The scope and complexity of logistics systems and models necessitate the use of computer-based decisionsupport systems. Two fundamental classes of software applications are “custom-built” systems developedfor unique situations, and “off-the-shelf” systems developed for more general use. Each type of system hasinherent problems for use in logistics decision support. Custom systems can be tailored to the uniqueneeds of a business, but generally take a long time to build, are expensive, and are difficult to change asthe business needs change. Off-the-shelf systems are less expensive and quicker to implement, but oftendo not fit the unique logistics issues of an organization.

One successful approach for developing flexible and tailored software quickly and cost-effectively featureshigh-level, reusable tools and data objects that can be configured and “programmed” by business analystsand end users. This type of programmable software system features a high productivity language.Spreadsheet and database software applications are two excellent examples of high productivity softwarelanguages.

Spreadsheet and database systems are useful in logistics modeling, but a richer architecture is needed as afoundation for LCM. � Figure 41 illustrates a hierarchical architecture for logistics decision support basedon a logistics modeling language. At the lowest level, a low-level programming language such as C++ isused to develop the logistics modeling language, comprised of logistics data objects such as thosedescribed in the Logistics Objects section, analytical tools, and a macro control language.

Combining customand off-the-shelfbenefits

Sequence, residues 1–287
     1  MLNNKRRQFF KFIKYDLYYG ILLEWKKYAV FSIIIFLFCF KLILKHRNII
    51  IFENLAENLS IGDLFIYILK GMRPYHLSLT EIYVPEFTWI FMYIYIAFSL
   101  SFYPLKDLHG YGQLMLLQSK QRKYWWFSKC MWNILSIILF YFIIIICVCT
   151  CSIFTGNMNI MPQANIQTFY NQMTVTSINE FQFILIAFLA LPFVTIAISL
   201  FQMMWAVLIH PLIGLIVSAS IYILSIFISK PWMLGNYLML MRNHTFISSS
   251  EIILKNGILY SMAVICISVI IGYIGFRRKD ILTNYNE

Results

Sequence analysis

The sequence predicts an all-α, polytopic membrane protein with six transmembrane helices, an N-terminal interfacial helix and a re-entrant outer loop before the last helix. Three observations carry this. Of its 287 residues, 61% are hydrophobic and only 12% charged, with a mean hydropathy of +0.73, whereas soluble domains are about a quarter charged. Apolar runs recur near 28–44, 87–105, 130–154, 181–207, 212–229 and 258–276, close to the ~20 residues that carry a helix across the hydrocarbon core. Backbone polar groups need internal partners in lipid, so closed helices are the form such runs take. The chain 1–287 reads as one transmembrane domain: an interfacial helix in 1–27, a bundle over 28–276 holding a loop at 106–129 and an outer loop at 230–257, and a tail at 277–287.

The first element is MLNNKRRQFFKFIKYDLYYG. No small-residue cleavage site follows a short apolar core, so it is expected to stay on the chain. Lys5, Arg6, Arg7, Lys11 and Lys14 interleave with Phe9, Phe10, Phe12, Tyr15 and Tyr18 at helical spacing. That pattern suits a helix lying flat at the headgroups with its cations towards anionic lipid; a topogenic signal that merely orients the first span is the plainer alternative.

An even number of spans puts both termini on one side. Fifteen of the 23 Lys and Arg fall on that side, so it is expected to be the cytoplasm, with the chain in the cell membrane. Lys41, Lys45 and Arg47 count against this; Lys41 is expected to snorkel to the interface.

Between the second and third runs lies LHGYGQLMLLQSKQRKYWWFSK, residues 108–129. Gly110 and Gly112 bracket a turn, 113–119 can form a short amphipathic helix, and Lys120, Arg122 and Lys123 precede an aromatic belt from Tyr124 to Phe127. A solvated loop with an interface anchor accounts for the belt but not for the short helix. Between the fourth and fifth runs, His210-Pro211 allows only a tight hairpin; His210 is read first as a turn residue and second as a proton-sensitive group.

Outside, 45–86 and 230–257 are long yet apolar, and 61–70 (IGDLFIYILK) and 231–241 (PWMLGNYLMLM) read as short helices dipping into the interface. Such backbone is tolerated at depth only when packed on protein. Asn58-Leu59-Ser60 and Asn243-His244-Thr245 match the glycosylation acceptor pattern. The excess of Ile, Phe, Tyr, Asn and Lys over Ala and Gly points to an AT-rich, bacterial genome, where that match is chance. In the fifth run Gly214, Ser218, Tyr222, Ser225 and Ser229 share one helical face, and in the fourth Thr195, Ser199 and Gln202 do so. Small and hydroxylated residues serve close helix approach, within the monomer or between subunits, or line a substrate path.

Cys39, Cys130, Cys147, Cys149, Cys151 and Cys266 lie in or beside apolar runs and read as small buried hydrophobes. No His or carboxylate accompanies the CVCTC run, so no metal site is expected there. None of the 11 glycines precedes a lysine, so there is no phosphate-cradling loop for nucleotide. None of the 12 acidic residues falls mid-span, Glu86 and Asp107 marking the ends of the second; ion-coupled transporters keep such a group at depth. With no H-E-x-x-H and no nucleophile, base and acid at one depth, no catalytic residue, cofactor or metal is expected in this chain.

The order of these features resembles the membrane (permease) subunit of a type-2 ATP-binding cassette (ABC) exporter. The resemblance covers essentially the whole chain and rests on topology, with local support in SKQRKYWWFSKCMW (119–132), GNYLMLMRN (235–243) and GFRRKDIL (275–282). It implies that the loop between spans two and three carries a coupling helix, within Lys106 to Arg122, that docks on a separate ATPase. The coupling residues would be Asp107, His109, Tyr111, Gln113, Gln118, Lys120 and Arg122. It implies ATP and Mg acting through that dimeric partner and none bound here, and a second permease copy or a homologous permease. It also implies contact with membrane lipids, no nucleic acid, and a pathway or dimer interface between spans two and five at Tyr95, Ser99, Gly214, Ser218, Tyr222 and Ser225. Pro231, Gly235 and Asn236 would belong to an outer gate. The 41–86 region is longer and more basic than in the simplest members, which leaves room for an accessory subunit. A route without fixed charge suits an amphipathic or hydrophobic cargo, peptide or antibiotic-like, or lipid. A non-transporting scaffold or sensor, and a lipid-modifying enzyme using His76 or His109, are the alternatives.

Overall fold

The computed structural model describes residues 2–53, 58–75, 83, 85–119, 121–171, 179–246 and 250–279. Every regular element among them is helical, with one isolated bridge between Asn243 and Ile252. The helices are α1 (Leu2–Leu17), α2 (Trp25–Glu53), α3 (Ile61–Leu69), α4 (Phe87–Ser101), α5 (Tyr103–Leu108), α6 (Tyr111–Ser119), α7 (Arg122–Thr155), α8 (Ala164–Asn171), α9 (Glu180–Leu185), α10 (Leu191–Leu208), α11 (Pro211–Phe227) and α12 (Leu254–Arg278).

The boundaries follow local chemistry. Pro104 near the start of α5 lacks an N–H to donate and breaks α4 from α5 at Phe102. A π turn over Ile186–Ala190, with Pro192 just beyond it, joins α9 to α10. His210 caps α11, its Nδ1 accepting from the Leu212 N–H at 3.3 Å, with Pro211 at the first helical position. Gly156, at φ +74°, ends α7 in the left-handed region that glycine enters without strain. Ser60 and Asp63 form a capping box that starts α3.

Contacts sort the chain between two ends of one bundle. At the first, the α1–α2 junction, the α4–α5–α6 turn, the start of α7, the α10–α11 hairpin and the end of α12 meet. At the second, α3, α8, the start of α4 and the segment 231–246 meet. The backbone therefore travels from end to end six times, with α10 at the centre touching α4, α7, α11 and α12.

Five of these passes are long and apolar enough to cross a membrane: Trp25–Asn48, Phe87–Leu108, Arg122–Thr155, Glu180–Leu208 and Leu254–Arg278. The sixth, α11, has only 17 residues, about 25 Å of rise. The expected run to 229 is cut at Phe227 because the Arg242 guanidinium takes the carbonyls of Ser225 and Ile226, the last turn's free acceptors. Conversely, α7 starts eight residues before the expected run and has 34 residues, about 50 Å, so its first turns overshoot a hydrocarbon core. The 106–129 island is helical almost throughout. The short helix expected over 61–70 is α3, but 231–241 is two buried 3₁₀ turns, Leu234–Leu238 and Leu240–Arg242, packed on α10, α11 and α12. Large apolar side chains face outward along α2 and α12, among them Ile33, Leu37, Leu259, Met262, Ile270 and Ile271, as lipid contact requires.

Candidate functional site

���� Figure 41A flexible logisticsdecision supportarchitectureincludes layers forprogramming tools,modeling tools,classes of models,specific systems,and scenarios.

Computer language

Modeling language




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Decision Support Architecture (continued)

Logistics Composite Modeling • 1996 Ratliff & Nulty 43

Next, a “platform” or set of macro libraries is assembled, providing an almost off-the-shelf softwareapplication to a well-defined set of logistics issues (such as vehicle route dispatching, fleet sizing, supplychain facility location, and production planning). Note that a platform can be easily modified or extendedto form a unique application (such as an organization’s private fleet routing scenario), as platforms arewritten entirely in the modeling macro language.

Finally, scenario alternatives to a specific application can be represented as distinct projects. Note eachlayer of the decision support architecture becomes more focused towards a specific set of logistics issues,culminating in a well-defined problem and set of logistics decisions.

The advantages of the layered architecture approach are many: a custom software solution is possible;systems are developed quickly; platforms and applications can be changed and enhanced; and softwarequality is high as reusable tools and data objects comprise the foundation. The first commercial logisticsdecision support system based on a layered architecture supporting LCM is the CAPS LOGISTICSTOOLKIT 7, introduced in 1989.

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Decision Support Architecture (continued)

Logistics Composite Modeling • 1996 Ratliff & Nulty 44

Visual Logistics Modeling